The alternating freezing and thawing of the colder months can really take a toll on the looks and structure of your deck. It’s always a good idea to perform a careful visual inspection of your deck, keeping an eye out for warped or cracked wood that could be in danger of collapse. When you’re satisfied that things are structurally-sound, don’t forget to refinish the deck annually!
3. Inspect all Electrical Outlets
Have a careful look at the electrical outlets scattered throughout your home (indoor AND outdoor) for possible fire hazards. These could include anything from loose plugs to damaged or worn-out wires. Always be sure to avoid overloading powerbars, electrical outlets, fuse boxes, extension cords or any other power outlet.
4. Replace your Furnace Filter
Here’s one that’s a matter of routine for many people, but can tend to be overlooked by many others. It’s especially important to stay on-schedule in replacing your filter/s if you or members of your household suffer from allergies. In addition to the normal dust and pet hair found inside the home year-round, there’s a ton of pollen in the air at this time of year. Allow yourselves to breathe easy!
5. Inspect Window and Door Seals
If you happen to be blessed with air conditioning during the hazy days and muggy nights of Southern Ontario’s summer, this one is equally important now as in the winter. Ensuring that your home is draft-free and tightly sealed will save you a bunch of money on your electrical bill, as well as doing our province’s power grid a big favour. Nobody wants to be paying good money and burning much-needed energy to be cooling the great outdoors.
6. Ensure the Condition of your Roof
Particularly if it’s been several years, give a professional a call to take a look at your roof. Just as is the case with decks, the up-and-down temperatures of winter and spring can put great stress on the condition of your roof. You’ll want to be aware of any potential leaks waiting to happen well before things deteriorate to that stage. This is one situation where ignorance certainly is not bliss.
7. Obey Local Watering Regulations!
Everybody wants a gorgeous lawn, but please don’t do it at the expense of the greater good of your community. Watering guidelines may seem like a pain in the backside, especially if you’re a devoted gardener, but they’re in place for good reason. Summer months can often see extended dry spells, and contrary to our limited everyday observations, municipal water supplies aren’t unlimited!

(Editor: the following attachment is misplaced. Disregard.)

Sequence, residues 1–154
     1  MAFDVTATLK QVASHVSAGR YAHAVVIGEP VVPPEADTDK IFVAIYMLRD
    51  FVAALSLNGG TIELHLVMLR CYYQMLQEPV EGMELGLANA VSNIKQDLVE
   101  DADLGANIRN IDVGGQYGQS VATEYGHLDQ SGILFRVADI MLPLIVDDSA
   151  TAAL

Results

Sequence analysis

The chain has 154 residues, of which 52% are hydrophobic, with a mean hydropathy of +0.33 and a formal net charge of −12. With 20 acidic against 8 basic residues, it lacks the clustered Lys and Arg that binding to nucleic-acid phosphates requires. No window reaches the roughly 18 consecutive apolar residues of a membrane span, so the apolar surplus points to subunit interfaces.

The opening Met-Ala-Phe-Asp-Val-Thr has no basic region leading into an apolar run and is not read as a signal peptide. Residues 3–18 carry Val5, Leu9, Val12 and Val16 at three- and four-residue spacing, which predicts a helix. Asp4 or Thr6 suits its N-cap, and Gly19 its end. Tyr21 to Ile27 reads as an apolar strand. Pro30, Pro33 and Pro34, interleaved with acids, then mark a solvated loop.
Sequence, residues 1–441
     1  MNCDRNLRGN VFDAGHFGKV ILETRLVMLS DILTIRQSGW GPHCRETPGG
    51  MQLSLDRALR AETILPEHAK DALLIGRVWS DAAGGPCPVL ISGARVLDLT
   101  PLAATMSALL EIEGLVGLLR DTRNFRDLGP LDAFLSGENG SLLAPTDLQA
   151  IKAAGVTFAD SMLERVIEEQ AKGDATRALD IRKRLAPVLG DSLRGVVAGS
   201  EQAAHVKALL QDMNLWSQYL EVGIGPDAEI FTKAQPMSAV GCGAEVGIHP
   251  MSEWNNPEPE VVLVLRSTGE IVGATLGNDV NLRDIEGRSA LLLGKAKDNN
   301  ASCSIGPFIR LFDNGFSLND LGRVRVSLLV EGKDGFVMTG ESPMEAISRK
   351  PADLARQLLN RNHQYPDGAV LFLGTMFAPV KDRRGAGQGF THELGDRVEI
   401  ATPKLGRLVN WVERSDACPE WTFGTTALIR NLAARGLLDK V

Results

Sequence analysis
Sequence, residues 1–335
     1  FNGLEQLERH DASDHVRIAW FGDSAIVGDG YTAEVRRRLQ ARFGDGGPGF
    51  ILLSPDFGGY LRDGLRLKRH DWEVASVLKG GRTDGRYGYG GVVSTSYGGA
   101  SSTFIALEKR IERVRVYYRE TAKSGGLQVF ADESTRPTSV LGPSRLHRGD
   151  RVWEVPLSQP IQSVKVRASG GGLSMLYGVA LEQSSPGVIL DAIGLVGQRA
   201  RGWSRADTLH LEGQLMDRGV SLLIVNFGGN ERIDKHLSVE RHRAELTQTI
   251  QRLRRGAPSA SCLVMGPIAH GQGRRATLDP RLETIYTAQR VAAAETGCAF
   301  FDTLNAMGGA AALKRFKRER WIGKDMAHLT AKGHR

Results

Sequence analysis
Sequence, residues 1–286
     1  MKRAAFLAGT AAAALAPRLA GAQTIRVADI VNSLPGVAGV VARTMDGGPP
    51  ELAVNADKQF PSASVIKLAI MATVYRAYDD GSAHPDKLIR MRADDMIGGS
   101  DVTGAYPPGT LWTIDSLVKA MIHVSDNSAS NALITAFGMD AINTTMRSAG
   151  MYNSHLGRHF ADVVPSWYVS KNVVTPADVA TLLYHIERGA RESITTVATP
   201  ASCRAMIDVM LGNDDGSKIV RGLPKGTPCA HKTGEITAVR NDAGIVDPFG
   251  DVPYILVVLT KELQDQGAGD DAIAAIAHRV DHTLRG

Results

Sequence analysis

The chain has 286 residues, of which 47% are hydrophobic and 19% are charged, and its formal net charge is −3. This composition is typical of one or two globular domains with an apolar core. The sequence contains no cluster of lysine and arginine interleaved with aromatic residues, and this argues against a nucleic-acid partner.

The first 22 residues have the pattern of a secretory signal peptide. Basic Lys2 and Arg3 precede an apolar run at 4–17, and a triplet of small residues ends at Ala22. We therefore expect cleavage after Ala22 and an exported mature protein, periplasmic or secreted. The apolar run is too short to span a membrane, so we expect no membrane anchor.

8. Clean Outdoor Grills
Pay close attention to the grill itself, but don’t forget about the drip pans. A clean grill is not only better for you – it also helps to reduce the risk of a fire.
9. Check Alarm Batteries
This is one that obviously applies all-year-round, but there’s no harm in making sure your smoke and carbon monoxide detectors are all up to spec and properly powered. It’s a quick step that, in a worst case scenario, could end up saving your life.
10. Maintain your Pool
This could be an entirely separate list (stay tuned), but I’ll settle on the basics here. It’s a good idea to vacuum your pool at least once a week. But vacuuming isn’t the only maintenance that should be done regularly. Brushing the walls and tile will help to minimize algae buildup and calcium deposits so they don’t fester and become larger problems.
And that’s all from me this week! Hopefully you’ve found at least a few of these suggestions helpful. Thanks for reading, and have a great day!
Home Sales in Waterloo Region Trend Upwards
In the real estate business, it’s pretty common for agents to ‘talk shop’ among themselves – something which is far from unique among a good number of professions, I’m sure!
2013 Was a banner year for residential real estate sales in Waterloo Region. Our area witnessed multiple record months in terms of overall sales volume, and benefited from a booming real estate market in general. Fortunately, 2013′s good market also extended into the realm of multi-family sales and investment properties. After such a wonderful year in 2013, it had seemed to a good number of my friends who are involved in residential sales that 2014′s spring market was off to a somewhat slower start. In March and April, things just didn’t seem to be heating up as quickly as they had done last year.
However, according to recent statistics released by our local real estate board, sales in May of 2014 (while still slightly down from May of last year) remain very strong overall, and are reflective of a longer-term upward trend. Certainly good news for folks who are looking to get into the local market!
Here is a quick breakdown of the key numbers contained in the report I’ve mentioned above. I’ll include some more analysis below, as well as the complete text of this week’s media release.
- 725 total residential sales (compared to 768 in May of 2013, a decrease of 5.6%)
- This number includes: 514 single detached homes, 101 condominium units, 60 semi detached properties, and 43 freehold townhomes